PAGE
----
Conditions for the workers and peasants who constitute the backbone of the revolution have become unbearable. This has led to a wave of strikes involving construction workers, dockers, mechanics and others against the government’s austerity program. One worker told the New York Times (14 April) that with one day’s wages (26 cordobas) he literally could not afford to buy lunch: “It’s a question of starving on strike or starving on the job… You absolutely cannot live on that salary.” The FSLN routinely denounces the strikers as “counterrevolutionary” and in a number of cases has actively sought to break their unions.
In an interview in the 2 June issue of Barricada Internacional, comandante Victor Tirado, of the FSLN National Directorate, flatly stated that it “isn’t true” that “the main contradiction here is between the bourgeoisie and the proletariat.” He complained that:
“The strikers’ excuse has been that norms and work hours were increased, and that the salary is low. Yes, that’s all true. “It is the cost being paid by the entire workers movement. Or does the workers movement not want to pay a price?”
To the suggestion that, “up until now the workers have borne practically the entire burden of the economic crisis,” and that perhaps it was time to consider redistributing it, Tirado replied:
“What is the thinking behind that proposal? That it is necessary to attack the bourgeoisie, those who are benefitting from some dollar incentives? That it is necessary to socialize everything?
“The workers have to be clear about alliances, about the project of national unity, the strategic policy of a mixed economy. “This is a revolution of workers and campesinos and obviously the burden—primarily the problems and hardships—will fall on them. We wouldn’t expect that the bourgeoisie would take charge of this project.”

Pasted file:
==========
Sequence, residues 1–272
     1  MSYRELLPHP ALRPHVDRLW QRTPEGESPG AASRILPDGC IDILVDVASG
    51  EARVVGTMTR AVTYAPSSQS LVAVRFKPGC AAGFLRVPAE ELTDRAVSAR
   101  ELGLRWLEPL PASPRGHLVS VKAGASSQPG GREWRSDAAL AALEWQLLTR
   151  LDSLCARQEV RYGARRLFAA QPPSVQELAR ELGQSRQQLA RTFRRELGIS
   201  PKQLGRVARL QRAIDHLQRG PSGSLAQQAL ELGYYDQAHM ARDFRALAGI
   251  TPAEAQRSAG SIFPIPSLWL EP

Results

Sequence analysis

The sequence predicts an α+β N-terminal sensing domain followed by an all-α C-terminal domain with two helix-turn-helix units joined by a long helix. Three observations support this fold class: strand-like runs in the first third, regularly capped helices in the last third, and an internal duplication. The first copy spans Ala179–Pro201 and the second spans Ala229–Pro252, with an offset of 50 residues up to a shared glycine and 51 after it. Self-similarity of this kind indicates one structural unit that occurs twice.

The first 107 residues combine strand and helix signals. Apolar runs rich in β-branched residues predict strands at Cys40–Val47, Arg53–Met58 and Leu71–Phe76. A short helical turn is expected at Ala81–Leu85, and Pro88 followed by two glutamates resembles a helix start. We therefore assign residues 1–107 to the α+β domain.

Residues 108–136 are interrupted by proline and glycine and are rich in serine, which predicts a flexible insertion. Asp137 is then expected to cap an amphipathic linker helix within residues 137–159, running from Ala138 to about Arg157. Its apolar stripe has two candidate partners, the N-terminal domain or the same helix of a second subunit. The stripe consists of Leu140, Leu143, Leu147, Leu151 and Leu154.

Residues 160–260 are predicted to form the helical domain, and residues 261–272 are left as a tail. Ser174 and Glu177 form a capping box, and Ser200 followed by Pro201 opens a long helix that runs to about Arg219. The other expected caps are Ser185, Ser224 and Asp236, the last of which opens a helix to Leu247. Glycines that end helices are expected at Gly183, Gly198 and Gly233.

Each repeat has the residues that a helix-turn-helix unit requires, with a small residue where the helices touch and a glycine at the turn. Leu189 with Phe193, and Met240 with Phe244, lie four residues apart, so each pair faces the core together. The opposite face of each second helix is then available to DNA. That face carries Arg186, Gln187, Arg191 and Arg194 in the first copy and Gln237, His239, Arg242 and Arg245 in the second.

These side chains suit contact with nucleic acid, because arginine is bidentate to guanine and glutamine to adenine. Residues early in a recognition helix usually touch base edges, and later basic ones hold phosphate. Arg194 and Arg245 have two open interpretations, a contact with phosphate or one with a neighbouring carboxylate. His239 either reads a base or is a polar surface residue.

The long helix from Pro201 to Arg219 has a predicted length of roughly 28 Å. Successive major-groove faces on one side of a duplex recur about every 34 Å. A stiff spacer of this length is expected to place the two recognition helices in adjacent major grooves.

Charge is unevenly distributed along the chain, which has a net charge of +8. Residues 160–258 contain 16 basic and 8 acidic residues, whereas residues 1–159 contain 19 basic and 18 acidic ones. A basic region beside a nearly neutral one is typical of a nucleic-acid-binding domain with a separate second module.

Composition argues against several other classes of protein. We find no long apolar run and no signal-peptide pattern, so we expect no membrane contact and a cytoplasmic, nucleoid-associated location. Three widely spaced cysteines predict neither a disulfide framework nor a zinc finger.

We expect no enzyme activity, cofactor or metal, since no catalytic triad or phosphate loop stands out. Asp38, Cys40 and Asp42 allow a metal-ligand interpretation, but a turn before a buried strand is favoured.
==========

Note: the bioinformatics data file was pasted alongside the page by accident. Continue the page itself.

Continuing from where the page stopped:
In other words, Tirado suggests that because it is a workers revolution, it would not be fair to expect the capitalists to pay for it! This is the kind of Alice-in-Wonderland logic to which the FSLN comandantes must resort to justify their “strategic policy” of class-collaborationism.
Arias Plan: Neo-Colonial “Peace”
The FSLN’s conciliatory attitude toward the Nicaraguan bourgeoisie is paralleled by its willingness to accept as good coin the pacific declarations of the duplicitous, neo-colonial rulers of the other Central American states. The “peace plan” put forward by Costa Rican president Oscar Arias and endorsed by the five Central American presidents in August 1987, was an attempt by Washington’s regional clients to isolate and contain the Nicaraguan revolution in order to stabilize their own rule.
Various fake-Marxists, including the followers of Ernest Mandel’s United Secretariat, trumpeted the Arias plan as a made-in-Central America “victory for peace.” In fact the whole thing was put together in close cooperation with congressional Democrats who shared Arias’ doubts about the wisdom of the Reaganites’ confrontationism (see Foreign Affairs, Vol. 66, No.3). Arias reckoned that if the FSLN agreed to “democratize” (i.e., to give the bourgeoisie a free hand politically as well as economically) then well and good; if, at some point, the FSLN were to balk, they could be branded as hypocrites, warmongers and enemies of peace. Thus the war-weariness of the Nicaraguan masses, wh o have lost 50,000 dead in Washington’s mercenary war, was to be turned into a lever to pry concessions from the regime. The Arias initiative proved an asset for the imperialists from the outset. At the height of the debate over contra funding last February, the Democrats responded to Reagan’s pleas for more money with the observation that, “Seven years of contra war have not achieved what the peace plan has achieved in six months” (New York Times, 3 February).